Her large, 14-inch stove-top pot appeared. The saskatoons, sugar, and water went in, and the berry brew started to bubble. On August days, the hot kitchen became hotter. I couldn’t stand the heat. I had to vacate.
Mom would often add cut up rhubarb just to keep things interesting — and healthy.
One batch after another came out of Mom’s cannery at about six jars per batch. Henry Ford would have envied Mom’s assembly line. Sterilized jars, wire racks, glass lids, rubber rings, the fruit, the big pots, boiling water — it all came together — and everything was scalding hot. The fruit had to cook and those jars had to seal.
The aroma was wonderful. I imagined myself in a jam factory.
Soon the kitchen counter was covered with jars, cooling and awaiting Mom’s check for a perfect seal. By mid-production, we children would drift away into bed, not caring if we ever saw a saskatoon berry up close again.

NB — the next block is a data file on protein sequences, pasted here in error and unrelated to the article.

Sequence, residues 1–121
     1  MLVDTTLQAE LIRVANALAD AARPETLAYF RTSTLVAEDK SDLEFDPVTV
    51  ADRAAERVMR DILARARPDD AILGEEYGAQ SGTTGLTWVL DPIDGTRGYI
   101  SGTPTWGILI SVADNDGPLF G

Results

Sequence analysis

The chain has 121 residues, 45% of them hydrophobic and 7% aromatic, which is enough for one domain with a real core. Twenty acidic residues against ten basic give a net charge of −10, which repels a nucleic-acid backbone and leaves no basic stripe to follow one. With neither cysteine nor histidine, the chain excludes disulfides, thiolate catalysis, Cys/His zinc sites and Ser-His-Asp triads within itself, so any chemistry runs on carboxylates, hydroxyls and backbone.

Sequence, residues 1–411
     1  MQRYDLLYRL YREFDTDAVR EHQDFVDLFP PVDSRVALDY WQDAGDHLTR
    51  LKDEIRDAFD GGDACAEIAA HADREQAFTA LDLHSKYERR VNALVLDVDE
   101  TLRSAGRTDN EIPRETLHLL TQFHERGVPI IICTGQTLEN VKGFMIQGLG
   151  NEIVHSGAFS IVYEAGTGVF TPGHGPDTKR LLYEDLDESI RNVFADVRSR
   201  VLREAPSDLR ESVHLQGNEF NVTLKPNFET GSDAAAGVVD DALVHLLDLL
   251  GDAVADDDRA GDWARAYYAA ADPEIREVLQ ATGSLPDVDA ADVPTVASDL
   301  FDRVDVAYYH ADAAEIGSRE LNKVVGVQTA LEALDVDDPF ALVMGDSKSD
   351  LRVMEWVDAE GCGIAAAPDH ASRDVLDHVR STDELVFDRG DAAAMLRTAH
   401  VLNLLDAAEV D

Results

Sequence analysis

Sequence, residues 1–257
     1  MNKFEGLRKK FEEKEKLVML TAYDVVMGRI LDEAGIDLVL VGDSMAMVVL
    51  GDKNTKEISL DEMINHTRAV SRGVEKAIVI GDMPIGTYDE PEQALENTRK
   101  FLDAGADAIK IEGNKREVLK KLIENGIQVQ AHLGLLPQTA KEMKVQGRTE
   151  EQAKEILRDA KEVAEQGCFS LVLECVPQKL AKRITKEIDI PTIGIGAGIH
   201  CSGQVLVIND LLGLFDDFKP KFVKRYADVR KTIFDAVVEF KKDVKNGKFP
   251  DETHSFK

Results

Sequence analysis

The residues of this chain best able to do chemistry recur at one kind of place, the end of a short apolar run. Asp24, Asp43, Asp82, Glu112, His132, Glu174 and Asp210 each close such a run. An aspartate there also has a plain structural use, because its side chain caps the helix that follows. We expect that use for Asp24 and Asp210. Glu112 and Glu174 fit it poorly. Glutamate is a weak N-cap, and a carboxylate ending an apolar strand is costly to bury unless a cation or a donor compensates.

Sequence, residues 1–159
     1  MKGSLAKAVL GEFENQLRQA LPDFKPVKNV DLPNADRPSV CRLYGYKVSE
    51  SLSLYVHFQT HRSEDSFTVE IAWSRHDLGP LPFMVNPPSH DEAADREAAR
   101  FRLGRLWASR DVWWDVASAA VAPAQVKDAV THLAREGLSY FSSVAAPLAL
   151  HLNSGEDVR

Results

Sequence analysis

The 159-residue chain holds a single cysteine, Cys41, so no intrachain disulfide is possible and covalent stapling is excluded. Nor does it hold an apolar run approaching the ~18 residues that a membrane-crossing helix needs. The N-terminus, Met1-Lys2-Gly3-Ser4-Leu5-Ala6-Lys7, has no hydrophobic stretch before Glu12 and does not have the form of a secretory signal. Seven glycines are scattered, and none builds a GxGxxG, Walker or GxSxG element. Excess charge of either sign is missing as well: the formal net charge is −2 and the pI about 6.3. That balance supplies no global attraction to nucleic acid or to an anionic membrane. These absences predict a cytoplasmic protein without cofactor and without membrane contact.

I recall waking up in the morning and in the kitchen would be this glorious array of full jars everywhere, maybe 100. A dream?
Mom said that when she finished the last batch she clicked off the stove, turned out the lights, and headed for bed. She may have mentioned the end of the production — around 2 a.m.
Two years ago, and 45 years after those family berry-picking escapades, I must have caught a strange fever.
Why else would I pick saskatoon berries endlessly for a few weeks? The call of the wild (berry)? The allure of concord grape-sized orbs of juicy purple delight? Who knows?